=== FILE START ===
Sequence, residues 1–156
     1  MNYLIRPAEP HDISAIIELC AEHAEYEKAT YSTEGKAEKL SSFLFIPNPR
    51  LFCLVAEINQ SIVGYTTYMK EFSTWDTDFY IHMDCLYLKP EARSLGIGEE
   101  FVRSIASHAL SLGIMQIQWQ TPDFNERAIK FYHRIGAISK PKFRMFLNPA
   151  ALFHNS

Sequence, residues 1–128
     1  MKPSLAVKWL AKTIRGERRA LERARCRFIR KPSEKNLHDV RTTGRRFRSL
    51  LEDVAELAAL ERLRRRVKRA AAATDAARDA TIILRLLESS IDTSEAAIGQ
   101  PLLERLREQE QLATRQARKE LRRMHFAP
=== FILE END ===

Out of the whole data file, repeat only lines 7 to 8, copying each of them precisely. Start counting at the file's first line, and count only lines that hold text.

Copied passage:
     1  MKPSLAVKWL AKTIRGERRA LERARCRFIR KPSEKNLHDV RTTGRRFRSL
    51  LEDVAELAAL ERLRRRVKRA AAATDAARDA TIILRLLESS IDTSEAAIGQ